“You find your way home by feeling the surfaces beneath your feet. You learn the distances to the places you go. All these things you learn come together, and you pass it on to your dog. You have to know how to get from A to B, so you can teach your dog those places. You are in control.”
Diagnosed with RP 30 years ago, Becker was encouraged to get a guide dog by her children. “I knew nothing about them,” she admits. “I called Guide Dogs for the Blind (GDB). I found out the dogs are free – and that I needed orientation and mobility (O&M) skills before I could be considered.”
Becker set about developing her skills at the Braille Institute, including walking with a white cane. She successfully completed the requirement of walking one mile to and from her home with the cane. She then completed two weeks of on-site training at GDB in San Rafael, Calif., where she was paired with Lyla, a yellow English Lab.
Becker and Lyla started traveling on behalf of various vision organizations, including GDB. “I was a speaker here, an ambassador there,” Becker says. “We started hopping on planes, going to hotels, asking questions, figuring things out.”
When Lyla retired (living out the rest of her life with the Becker family as a pampered pet), Becker was paired with Anchorage, a yellow Lab, who is also a great traveler. “He is fabulous on a flight. He is at my feet, while I’m in my seat. Knowing he’s there and petting him – he gives me courage,” she says.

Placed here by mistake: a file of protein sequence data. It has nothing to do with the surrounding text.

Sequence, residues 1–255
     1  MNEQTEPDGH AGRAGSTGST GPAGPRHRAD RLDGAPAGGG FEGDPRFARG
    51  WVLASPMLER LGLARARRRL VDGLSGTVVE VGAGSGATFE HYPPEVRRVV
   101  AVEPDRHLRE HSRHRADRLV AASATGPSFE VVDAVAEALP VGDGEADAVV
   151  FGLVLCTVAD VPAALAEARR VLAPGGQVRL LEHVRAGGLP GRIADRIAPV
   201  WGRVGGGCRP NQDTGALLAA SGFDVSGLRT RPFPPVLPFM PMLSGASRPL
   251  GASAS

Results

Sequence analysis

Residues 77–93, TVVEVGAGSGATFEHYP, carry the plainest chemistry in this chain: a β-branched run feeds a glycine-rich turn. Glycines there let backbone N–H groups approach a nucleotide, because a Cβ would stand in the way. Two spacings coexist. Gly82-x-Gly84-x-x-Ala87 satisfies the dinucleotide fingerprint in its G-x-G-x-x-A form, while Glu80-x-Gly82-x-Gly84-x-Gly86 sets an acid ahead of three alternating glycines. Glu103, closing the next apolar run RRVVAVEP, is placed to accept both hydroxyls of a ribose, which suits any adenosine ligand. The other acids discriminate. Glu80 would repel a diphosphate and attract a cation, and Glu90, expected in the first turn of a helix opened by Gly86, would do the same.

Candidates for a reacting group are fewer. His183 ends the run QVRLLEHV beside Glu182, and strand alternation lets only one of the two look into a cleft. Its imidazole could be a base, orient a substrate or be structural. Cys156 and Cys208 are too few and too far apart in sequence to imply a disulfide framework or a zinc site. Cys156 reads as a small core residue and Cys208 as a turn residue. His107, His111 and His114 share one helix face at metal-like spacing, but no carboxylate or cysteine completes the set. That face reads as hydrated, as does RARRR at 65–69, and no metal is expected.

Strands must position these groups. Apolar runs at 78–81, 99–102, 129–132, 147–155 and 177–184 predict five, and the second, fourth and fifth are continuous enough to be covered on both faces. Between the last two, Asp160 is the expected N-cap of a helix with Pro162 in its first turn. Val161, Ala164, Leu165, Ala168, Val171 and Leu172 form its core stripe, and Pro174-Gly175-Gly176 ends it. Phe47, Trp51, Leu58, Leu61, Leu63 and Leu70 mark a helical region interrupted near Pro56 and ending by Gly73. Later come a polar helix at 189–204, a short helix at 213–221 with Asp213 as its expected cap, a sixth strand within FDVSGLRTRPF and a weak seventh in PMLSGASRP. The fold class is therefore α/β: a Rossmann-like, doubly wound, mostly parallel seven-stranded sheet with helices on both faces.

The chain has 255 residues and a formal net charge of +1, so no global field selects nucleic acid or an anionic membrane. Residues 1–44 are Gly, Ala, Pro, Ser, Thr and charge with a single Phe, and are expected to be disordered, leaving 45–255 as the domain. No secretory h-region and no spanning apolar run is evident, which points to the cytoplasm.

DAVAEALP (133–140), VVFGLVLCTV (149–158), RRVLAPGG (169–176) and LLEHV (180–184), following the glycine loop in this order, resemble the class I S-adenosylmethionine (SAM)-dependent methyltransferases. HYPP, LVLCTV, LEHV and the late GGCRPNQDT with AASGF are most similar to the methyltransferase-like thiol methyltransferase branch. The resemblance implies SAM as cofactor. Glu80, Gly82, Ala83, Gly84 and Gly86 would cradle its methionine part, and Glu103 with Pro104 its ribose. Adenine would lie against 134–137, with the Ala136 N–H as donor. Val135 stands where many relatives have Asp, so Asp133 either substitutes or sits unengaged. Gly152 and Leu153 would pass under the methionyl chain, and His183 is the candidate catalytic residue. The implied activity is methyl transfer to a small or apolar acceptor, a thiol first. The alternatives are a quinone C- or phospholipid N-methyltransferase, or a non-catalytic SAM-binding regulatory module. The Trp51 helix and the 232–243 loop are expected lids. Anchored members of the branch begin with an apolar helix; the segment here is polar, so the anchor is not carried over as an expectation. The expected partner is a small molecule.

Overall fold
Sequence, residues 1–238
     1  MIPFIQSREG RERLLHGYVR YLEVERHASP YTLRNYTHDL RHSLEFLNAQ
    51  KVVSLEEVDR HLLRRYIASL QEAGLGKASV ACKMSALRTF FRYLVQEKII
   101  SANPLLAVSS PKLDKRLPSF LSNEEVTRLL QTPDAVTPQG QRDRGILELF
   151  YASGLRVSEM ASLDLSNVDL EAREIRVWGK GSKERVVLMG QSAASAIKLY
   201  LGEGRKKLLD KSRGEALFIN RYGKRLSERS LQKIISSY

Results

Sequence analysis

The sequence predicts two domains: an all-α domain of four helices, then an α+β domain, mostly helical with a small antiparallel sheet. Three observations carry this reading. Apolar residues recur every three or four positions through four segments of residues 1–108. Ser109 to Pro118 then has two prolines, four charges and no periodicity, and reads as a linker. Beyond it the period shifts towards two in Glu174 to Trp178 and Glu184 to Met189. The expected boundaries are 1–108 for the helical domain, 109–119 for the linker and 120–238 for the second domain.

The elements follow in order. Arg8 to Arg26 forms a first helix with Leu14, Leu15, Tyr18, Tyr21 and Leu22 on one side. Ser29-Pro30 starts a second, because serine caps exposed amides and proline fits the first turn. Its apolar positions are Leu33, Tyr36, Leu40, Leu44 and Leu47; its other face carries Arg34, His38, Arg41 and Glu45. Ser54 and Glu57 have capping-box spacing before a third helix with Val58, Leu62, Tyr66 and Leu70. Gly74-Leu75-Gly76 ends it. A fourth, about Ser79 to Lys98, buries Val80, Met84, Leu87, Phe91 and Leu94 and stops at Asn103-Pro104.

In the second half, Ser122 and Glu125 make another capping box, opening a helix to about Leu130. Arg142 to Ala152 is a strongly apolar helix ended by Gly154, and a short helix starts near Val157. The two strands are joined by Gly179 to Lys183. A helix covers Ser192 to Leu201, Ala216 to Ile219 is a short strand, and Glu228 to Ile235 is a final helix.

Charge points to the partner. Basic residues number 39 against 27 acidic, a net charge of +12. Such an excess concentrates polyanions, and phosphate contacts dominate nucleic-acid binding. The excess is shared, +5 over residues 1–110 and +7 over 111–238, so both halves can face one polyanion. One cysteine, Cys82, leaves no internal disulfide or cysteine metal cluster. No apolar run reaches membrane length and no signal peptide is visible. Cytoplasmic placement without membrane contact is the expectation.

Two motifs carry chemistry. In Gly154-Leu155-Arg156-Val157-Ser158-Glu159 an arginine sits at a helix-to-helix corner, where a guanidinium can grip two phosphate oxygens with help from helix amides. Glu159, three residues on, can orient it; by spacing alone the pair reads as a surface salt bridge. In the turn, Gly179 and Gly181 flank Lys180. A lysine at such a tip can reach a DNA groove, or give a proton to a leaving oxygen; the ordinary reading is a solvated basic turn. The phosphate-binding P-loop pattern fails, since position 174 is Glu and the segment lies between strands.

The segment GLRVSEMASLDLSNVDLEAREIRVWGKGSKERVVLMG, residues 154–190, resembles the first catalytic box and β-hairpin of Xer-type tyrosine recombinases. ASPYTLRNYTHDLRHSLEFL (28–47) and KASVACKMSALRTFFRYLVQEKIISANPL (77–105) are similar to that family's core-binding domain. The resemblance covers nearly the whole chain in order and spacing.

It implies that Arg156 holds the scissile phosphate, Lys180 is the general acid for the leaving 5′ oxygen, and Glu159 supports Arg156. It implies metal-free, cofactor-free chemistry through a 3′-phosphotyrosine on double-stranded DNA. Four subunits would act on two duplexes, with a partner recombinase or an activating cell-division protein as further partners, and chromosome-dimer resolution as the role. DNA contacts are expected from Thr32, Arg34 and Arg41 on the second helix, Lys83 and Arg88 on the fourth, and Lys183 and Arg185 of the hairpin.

When the pair arrives at a hotel, Becker asks for a room near the elevator or ice-maker, which offer landmarks and sensory cues for Anchorage. She also asks a hotel employee to show them to their room once. After that, when they exit the elevator, Becker says, “Left, find room,” and Anchorage leads the way.
Becker and her dogs have been on numerous cruises, where navigating big ships can be confusing for anyone. “Other passengers with rooms nearby – sighted passengers – always follow me and the dog, so they can find their rooms,” she says.
Both Becker and Lawrence stress the importance of planning and organization when it comes to traveling with their dogs. Among their advice: Plan as much as possible, leave plenty of extra time, know where you’re going, don’t be afraid to ask for help, and be flexible.
Becker emphasizes the importance of playing with the dog when he or she is “off-duty.” “They must be safe and taken care of, so they can care for you,” she says. “We take care of each other.”
Linda Becker, who has retinitis pigmentosa (RP) and travels primarily with her guide dog, is planning her next trip to Australia and New Zealand with Mind’s Eye Travel [link: http://www.mindseyetravel.com/], a company that specializes in creating tours especially for people who are blind or visually impaired.